[Disclaimer: This piece was written just over a month into Ailsa’s move from the U.K. to the USA. It is a peek into the emotions of someone mid move. You could call it a bit raw.]
Before moving country I did not anticipate the speed that I would feel disconnected from my home. I lived in Edinburgh for 11 years, for goodness sake. I have done all my adulting in Edinburgh; signing my first lease, paying all my bills, getting married, and giving birth...twice. It is a remarkable city combining historic architecture and sublime views, under quite a lot of dirt and social problems. It was my home. But ‘was’ is an important word there.
I feel adrift from Edinburgh but I also look on at New York like I am seeing it for the first time. I feel no responsibility for it. It doesn’t quite feel like it is mine to own, love, and criticise. I have to be extra nice to it, careful, and considerate like a new person I have just been introduced to at a dinner party. Not like my old friend Edinburgh who I would call dirty, aloof, and enchanting. But now I have the odd perspective of an outsider and observer of both cities. Neither is my home right now. I am left in the ‘inbetween’. I am rootless. I don’t belong anywhere. I am connected to nothing here apart from my husband and children.
But, the real shocker? I find the ‘inbetween’ quite comfortable. It is easier to be a bit indifferent to everything and just float about observing, taking, and using without really investing. Last week, we moved into an apartment with our names on the lease. So as you do the husband trooped to Ikea and dropped a substantial amount of money on flat pack furniture and too many plants. It took me a few days and some more money haemorrhaging to realise that part of my brain was quietly freaking out (I am slow on the uptake). Subconsciously, I was worried we had burdened ourselves with so much stuff that we could not easily move again. I realised my mind had been repeating again and again for a few days, ‘How will we move? How will we move? How will we move?’ It was my quiet theme song to our home furnishing shopping. I have even started having stress dreams about packing up and moving country. The irony being I never had this dream before we actually moved country.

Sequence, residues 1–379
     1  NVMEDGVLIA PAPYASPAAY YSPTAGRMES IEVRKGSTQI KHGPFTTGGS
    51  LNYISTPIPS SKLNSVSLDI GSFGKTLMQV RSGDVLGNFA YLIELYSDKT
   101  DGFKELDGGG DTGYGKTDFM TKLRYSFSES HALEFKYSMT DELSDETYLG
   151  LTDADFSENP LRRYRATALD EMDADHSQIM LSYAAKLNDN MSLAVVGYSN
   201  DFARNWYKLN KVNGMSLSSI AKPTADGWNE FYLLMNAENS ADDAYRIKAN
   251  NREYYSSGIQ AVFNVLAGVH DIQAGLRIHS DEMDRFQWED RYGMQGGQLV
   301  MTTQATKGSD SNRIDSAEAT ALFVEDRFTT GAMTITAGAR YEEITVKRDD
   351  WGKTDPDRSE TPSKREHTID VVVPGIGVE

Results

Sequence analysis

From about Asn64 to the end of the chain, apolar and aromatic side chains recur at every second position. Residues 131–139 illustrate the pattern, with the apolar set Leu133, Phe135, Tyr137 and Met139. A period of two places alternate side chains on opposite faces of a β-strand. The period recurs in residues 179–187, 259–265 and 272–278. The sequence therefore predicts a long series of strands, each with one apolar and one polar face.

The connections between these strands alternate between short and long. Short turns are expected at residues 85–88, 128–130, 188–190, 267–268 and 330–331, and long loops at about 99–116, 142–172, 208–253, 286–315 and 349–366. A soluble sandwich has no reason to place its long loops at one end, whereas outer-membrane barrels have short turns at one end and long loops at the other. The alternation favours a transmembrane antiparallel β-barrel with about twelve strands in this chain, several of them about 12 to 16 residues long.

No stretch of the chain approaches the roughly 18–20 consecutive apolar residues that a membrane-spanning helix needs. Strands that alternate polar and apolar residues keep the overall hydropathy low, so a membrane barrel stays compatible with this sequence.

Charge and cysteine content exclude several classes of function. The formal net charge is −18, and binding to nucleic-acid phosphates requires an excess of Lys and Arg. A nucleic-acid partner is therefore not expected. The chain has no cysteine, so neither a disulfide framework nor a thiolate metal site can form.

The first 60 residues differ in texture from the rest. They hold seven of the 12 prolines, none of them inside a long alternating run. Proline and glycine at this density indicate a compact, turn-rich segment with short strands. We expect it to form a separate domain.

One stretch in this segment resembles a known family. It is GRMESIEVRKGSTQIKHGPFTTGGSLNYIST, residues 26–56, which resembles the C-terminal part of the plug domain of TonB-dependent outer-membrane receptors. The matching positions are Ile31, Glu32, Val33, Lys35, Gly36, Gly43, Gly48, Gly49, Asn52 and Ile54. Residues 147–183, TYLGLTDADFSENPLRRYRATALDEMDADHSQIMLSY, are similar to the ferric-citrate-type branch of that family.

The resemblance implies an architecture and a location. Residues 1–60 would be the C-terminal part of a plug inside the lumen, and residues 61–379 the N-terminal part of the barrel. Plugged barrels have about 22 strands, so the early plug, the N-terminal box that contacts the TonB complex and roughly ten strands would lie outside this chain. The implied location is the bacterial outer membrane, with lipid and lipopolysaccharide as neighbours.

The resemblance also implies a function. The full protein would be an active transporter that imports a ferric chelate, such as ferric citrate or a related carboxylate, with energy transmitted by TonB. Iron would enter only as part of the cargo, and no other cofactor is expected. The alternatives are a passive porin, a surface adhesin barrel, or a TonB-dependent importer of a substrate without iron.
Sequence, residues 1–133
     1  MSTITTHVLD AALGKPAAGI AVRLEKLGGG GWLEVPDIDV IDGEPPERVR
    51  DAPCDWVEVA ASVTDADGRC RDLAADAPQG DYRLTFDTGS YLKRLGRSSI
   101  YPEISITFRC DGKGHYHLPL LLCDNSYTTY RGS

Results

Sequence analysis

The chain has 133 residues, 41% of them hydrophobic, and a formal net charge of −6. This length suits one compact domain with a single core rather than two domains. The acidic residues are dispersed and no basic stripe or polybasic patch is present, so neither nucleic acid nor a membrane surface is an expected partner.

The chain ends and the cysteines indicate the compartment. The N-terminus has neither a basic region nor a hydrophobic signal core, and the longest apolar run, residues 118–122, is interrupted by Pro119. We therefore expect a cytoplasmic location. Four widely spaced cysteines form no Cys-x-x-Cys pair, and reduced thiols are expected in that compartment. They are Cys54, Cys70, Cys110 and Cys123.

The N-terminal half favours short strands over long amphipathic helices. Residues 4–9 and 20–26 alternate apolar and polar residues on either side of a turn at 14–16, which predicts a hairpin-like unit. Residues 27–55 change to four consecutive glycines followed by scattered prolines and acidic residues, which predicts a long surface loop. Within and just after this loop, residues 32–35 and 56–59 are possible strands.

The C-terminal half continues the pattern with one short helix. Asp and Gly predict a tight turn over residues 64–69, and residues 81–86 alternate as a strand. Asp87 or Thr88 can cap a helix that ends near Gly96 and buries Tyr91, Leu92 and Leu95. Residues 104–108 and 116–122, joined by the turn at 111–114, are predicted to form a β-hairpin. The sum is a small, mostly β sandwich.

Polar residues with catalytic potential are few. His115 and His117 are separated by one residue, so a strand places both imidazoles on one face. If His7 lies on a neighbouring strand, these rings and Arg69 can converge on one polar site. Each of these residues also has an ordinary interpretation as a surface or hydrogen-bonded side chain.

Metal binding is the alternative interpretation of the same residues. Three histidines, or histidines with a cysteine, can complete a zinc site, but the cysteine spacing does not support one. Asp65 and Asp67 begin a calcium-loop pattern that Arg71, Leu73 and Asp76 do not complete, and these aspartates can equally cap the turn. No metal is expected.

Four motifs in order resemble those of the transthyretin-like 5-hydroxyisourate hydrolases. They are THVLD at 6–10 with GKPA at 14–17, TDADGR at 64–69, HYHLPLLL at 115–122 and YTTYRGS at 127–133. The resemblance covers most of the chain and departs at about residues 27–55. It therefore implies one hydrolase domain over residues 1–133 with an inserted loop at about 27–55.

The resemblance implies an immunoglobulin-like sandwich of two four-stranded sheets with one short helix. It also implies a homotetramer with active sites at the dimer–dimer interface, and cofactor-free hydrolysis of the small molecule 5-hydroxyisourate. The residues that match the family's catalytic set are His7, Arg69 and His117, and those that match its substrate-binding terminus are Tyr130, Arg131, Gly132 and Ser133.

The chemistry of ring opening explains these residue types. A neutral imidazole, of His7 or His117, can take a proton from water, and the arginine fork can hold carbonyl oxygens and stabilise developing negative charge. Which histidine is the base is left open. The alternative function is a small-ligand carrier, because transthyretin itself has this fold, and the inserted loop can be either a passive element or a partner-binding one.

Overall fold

Now, don’t get me wrong we love our apartment. We have no plans to move again soon. In fact the husband regularly talks about how we can accommodate both our children in it as teenagers (bearing in mind here that our eldest is 2). But it turns out part of my mind was happy to live agile and unattached. Rootless. Carefree. Unburdened. Ready at any moment to sprint away without any burdensome items of Scandinavian furniture or a single care in the world.
And while that might be admirable when it comes to not having too much stuff, it is a problem if I am applying this rootlessness to relationships and community.
It is a problem if I am happy to just exist here caring only about the small family unit I chose and birthed.
It is a problem if I live here like I could be living anywhere just taking from the city.
It is a problem if I purposely don’t take responsibility for the injustice in my city, don’t engage with and love the people I live beside, or don’t see myself as partly to blame when my community has problems.
My natural mode is to stay in the ‘inbetween’ because that is where you can stay free of hurt. If you do not care or engage you cannot get angry, or sad, or blamed.
But I did not move country to stay rootless. So here comes the next stage of my move. I have done the packing. I have done the unpacking. Now comes the emotionally vulnerable bit. It is time to get out of the comfortable ‘inbetween’. Wish me luck.